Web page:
Schooling the Little Ones: Baby Einstein – My First Signs

Having a nine-month-old child, I have an excellent handle on Baby Einstein and its myriad products; there are DVDs, CDs, games, toys, furniture-type things, the list goes on, and on, and on. The only thing more impressive than the quantity of material they put forth is the quality. Whether or not the DVDs truly enlighten my child I don’t know, but I do know that I don’t mind staring at them for 30 minutes and my daughter doesn’t either. For me, that’s a pretty good sell.

On March 13, they added a new title to their DVD collection: Baby Einstein – My First Signs. The DVD marks the third entry into the Baby Einstein language series. It is currently a very much en vogue thing to do to teach your infant child sign language. Some studies have suggested that children can learn to sign before they can learn to speak (and it’s never bad to learn another language in any case). 

I operate on the basic assumption that if my daughter spends enough time seeing signs (on DVD or in a book) she’ll absolutely learn them, but I can’t say that the Baby Einstein DVD will make her learn them faster (it doesn’t claim to, either). 

What I can tell you is that the DVD is presented well and, true to Baby Einstein form, was engaging for both myself and my daughter (a tricky feat, but one that the Baby Einstein folks are quite good at). Some DVDs in the baby signing genre tend to be cloyingly sweet, peppered with insidious songs and overly peppy hosts. Those DVDs may amuse children, but for parents they are terrifying adventures into TV Land. Baby Einstein doesn’t do that.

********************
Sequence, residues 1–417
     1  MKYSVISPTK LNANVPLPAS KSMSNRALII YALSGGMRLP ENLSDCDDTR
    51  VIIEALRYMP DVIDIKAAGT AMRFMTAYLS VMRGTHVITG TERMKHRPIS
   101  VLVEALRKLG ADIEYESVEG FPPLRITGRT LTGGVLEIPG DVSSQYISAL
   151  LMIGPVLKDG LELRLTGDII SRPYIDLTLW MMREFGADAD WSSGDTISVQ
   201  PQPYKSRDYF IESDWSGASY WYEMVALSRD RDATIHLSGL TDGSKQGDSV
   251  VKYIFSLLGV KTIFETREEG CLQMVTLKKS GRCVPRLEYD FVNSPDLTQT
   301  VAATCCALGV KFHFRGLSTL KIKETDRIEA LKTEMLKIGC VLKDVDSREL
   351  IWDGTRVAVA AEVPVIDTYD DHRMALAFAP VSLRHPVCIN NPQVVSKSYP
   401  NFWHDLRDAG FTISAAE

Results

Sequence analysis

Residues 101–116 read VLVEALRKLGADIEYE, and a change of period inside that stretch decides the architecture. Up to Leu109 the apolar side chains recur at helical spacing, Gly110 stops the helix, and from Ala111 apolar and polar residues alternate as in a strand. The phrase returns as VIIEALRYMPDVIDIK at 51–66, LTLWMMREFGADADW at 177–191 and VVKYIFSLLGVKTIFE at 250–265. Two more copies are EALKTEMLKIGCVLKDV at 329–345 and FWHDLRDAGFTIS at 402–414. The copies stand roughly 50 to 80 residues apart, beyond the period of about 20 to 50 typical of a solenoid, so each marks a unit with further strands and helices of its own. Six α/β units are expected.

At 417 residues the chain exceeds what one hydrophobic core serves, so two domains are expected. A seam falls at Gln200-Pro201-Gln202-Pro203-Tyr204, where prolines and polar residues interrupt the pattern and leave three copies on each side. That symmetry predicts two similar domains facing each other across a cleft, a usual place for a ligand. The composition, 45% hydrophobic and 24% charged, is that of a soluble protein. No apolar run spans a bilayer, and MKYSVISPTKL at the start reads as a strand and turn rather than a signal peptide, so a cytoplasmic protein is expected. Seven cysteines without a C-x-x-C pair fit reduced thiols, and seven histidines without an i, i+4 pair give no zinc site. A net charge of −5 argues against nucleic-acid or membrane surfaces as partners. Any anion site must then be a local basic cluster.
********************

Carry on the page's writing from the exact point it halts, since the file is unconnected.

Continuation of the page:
The DVD is hosted by Marlee Matlin, and uses numerous signature Baby Einstein tropes, from the Baby Einstein hand puppets, to the classical music used, to the very cadence and build of the entire show. It’s a perfect example of what has made Baby Einstein popular and continues strongly in the tradition. There’s plenty of repetition of words and actions so that child and parent alike can learn the various signs, but each iteration is slightly different and consequently it remains fresh throughout the time when a single word and sign are repeated.

My First Signs introduces children (and parents) to 20 different commonly used words, including the all-important “mom” and “dad.” The are some bonus features as well (including the ability to play the DVD in Spanish and French in addition to English). 

The DVD also features a much-needed update for the Baby Einstein series: a color-coding method so as to easily determine the age appropriateness of the various DVDs they put out (this one is orange, for six months plus). 

My child has not yet started to do the sign for “dad,” but I’m anxiously anticipating that day, and I absolutely will not mind her watching Baby Einstein – My First Signs until she gets there. Not only does she enjoy it, but it’s absolutely watchable by parents as well. 

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